Thus, the Palos Verdes court interpreted the amended statute to allow a district's attempt to improve its staff's academic attainment level by setting up “special salary categories for those undertaking advanced training.”  (Palos Verdes, supra, at p. 660, fn. 5, 147 Cal.Rptr. 359, 580 P.2d 1155, citing San Diego Federation of Teachers v. Board of Education (1963) 216 Cal.App.2d 758, 31 Cal.Rptr. 146.)  “By the same token no conflict would occur should a district decide to subclassify its top ‘experience’ classification in order to encourage the retention or recruitment of extremely experienced teachers.”  (Palos Verdes, supra, 21 Cal.3d at p. 660, fn. 5, 147 Cal.Rptr. 359, 580 P.2d 1155.)

Nor does the statute preclude establishment of maximum credit for outside experience, so long as it is applied uniformly to all teachers, regardless of their seniority within the system.  (Id., at p. 661, fn. 6, 147 Cal.Rptr. 359, 580 P.2d 1155, distinguishing Lawe v. El Monte School Dist. (1968) 267 Cal.App.2d 20, 72 Cal.Rptr. 554.)  “By the same token, we do not read the new statute to preclude a district from making reasonable determinations as to the level and quality of ‘training’ or ‘experience’ which is to qualify for a particular level of credit within its boundaries.”  (Palos Verdes, supra, 21 Cal.3d at p. 661, fn. 6, 147 Cal.Rptr. 359, 580 P.2d 1155.)

The trial court in the instant case found “Respondent has decided ‘․ to sub-classify its top “experienced” classification in order to encourage the retention or recruitment of extremely experienced teachers,’ ” as expressly allowed by Palos Verdes, supra, at page 660, footnote 5, 147 Cal.Rptr. 359, 580 P.2d 1155.   The court also noted “the core requirement of Education Code section 45028 is that the rules or standards for movement, particularly those contained in the collectively negotiated agreement, be applied uniformly to all teachers in the district, as they are here.”  (Emphasis added.)

Here, however, the subclassifications are not uniformly applied.   According to the District, “Career increments were intended as a ‘bonus' to highly trained teachers who had been serving the District for years.”   But the District's practice distinguishes—among equally highly-trained teachers, who have served the District an equal number of years—on the sole basis of the order in which years of training and years of service accrued.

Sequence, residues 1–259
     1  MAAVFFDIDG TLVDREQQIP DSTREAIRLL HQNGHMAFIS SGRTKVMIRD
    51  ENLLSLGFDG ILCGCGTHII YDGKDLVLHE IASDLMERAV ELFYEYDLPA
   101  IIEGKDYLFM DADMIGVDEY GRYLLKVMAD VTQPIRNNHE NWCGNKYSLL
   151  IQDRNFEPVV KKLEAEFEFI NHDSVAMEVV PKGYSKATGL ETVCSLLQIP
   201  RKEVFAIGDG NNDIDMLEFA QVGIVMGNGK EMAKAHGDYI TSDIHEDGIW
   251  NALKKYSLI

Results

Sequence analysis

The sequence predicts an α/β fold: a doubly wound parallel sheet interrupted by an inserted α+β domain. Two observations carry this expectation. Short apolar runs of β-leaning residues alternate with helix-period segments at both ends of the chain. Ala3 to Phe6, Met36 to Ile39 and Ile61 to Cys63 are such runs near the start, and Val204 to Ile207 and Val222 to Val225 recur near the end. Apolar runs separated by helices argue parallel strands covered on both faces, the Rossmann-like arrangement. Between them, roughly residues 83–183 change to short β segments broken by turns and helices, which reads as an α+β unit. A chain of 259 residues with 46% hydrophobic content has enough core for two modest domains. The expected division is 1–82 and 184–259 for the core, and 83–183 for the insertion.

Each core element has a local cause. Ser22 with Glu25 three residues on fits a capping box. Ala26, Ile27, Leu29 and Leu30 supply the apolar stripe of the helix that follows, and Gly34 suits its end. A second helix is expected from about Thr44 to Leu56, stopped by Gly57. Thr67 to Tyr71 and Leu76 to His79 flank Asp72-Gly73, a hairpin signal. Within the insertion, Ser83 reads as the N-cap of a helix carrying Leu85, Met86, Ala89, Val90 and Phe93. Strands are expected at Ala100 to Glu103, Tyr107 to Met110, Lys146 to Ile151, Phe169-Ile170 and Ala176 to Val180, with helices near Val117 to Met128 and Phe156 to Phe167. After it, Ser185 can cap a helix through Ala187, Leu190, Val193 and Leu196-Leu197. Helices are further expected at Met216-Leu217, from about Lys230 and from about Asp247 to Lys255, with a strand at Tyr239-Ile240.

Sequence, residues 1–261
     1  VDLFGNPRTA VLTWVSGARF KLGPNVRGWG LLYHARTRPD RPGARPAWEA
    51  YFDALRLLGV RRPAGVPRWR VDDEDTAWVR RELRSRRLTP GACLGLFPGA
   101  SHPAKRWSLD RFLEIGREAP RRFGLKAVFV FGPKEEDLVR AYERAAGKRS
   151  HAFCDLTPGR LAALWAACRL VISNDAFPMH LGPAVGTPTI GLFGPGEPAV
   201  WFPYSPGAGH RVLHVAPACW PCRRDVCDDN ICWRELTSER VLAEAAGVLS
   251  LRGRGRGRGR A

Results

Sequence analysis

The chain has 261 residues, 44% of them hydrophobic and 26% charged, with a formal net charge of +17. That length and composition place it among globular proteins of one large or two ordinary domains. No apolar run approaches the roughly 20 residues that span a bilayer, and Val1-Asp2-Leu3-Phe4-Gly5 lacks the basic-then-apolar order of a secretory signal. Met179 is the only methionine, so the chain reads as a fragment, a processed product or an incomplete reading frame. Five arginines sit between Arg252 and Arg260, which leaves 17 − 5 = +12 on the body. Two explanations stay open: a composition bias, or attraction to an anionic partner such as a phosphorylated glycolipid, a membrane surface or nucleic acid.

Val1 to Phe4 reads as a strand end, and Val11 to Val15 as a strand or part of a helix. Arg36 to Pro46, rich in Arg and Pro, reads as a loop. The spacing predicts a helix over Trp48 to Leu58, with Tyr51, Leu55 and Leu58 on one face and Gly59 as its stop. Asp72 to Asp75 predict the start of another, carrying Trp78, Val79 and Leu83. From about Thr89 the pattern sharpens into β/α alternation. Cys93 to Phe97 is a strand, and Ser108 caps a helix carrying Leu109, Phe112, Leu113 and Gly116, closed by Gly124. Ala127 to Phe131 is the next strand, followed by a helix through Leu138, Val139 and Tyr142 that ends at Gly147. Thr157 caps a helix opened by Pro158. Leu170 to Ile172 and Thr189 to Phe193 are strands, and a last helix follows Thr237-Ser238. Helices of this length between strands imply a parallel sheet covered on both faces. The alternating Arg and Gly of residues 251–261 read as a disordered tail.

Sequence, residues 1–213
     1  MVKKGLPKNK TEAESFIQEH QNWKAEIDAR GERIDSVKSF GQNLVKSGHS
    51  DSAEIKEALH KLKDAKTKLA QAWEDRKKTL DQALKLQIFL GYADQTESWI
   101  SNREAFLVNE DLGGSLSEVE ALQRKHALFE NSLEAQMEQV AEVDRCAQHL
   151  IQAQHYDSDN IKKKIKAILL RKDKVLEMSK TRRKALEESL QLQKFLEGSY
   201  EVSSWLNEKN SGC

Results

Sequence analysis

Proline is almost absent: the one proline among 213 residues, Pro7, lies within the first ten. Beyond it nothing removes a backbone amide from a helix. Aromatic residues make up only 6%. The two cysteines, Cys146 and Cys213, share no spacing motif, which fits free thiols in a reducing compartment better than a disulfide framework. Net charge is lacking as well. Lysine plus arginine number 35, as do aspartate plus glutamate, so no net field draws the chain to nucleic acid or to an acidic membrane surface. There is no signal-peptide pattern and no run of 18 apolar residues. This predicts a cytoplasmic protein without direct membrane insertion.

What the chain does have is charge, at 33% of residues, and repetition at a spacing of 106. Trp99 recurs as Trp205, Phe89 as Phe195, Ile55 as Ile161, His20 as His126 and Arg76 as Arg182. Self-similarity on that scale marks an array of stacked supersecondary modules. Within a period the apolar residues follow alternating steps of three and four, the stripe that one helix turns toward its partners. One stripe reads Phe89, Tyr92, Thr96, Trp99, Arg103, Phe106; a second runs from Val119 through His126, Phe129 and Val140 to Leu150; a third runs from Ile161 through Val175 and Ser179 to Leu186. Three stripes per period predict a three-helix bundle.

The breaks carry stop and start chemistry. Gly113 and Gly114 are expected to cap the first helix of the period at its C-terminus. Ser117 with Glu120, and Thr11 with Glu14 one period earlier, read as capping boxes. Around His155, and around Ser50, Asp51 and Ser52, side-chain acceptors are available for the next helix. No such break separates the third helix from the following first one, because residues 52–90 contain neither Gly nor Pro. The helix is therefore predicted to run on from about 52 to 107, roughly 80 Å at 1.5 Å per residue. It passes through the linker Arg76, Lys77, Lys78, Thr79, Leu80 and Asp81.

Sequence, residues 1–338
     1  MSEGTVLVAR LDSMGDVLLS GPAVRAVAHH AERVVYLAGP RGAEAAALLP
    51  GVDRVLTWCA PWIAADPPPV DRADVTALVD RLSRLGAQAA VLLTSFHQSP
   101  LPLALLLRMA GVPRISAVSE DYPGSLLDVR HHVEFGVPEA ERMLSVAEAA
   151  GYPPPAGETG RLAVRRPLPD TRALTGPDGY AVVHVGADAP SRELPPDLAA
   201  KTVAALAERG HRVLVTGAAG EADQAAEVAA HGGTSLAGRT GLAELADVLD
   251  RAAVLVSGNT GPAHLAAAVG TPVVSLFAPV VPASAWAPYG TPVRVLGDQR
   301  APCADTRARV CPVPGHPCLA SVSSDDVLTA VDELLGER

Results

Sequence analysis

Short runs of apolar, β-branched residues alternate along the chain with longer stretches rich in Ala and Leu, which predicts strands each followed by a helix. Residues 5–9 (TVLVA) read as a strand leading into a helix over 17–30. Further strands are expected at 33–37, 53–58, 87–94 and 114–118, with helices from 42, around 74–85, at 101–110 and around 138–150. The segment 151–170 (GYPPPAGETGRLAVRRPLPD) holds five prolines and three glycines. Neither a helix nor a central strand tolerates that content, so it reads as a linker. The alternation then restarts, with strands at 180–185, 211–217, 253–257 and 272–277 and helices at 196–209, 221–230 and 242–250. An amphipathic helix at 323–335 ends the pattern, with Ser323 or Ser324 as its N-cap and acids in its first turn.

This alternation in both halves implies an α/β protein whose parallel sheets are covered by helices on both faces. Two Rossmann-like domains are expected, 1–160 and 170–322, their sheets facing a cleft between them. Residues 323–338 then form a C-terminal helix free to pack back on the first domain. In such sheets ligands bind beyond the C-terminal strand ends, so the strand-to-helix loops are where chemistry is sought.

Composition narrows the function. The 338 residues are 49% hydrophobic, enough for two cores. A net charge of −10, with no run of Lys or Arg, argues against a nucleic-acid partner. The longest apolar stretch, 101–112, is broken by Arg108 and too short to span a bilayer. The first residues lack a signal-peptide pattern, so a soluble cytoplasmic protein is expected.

As the court explained in California Teachers Assn. v. Board of Education (1982) 129 Cal.App.3d 826, 830–831, 181 Cal.Rptr. 432, (hereinafter Whittier ) such a distinction may well be “a reasonable salary classification made in order to encourage teachers to obtain additional educational credits early in their careers and thereby give more students the benefits of the teachers' increased education.”   However, the Palos Verdes court specifically concluded “one of the lawmakers' aims in enacting the [1969 amendment] was to break away from past reliance on judicial assessments of ‘reasonableness' in the classification of teachers and establish a more certain standard of its own.”  (Palos Verdes, supra, 21 Cal.3d at p. 661, 147 Cal.Rptr. 359, 580 P.2d 1155.)   Thus, like the Whittier court, we are “constrained by the requirement of ‘uniform allowance ․ for ․ years of experience’ ․ and must look only to whether District's rule precludes teachers from receiving credit for experience solely due to their seniority within the system.”  (Whittier, supra, 129 Cal.App.3d at p. 831, 181 Cal.Rptr. 432.)

And here, as in Whittier, it does.  “The rule places teachers in a similar position to the teacher in Lawe v. El Monte School Dist., supra, 267 Cal.App.2d 20 [72 Cal.Rptr. 554], a position disapproved in Palos Verdes.  Under District's rule, just as in Lawe, a teacher's failure to take the additional education credits (in Lawe, the leave of absence) by the time he or she reaches a certain level of seniority with the system results in the denial of credit for experience to which he or she would otherwise be entitled.   Therefore, District's rule does not provide ‘uniform allowance ․ for ․ years of experience,’ as required by Education Code section 45028.”  (Whittier, supra, at p. 832, 181 Cal.Rptr. 432.)

Although the salary schedule in Whittier, supra, at page 828, 181 Cal.Rptr. 432, differs in certain details from the one considered here—every column contains more steps than the one before and additional steps are not labeled “career increments”—the court's reasoning applies here as well.   On the other hand, Mayer v. Board of Trustees (1980) 106 Cal.App.3d 476, 165 Cal.Rptr. 655, which upheld a collective bargaining agreement provision granting annual advancement to the next step on the salary schedule only to teachers who received satisfactory performance evaluations, is easily distinguishable.   As the court later explained, “Essentially, that holding was premised upon the conclusion that it was logical to define experience as satisfactory experience.”  (Wygant v. Victor Valley Joint Union High School Dist. (1985) 168 Cal.App.3d 319, 329, 214 Cal.Rptr. 205.   See also, Palos Verdes, supra, 21 Cal.3d at p. 661, fn. 6, 147 Cal.Rptr. 359, 580 P.2d 1155.)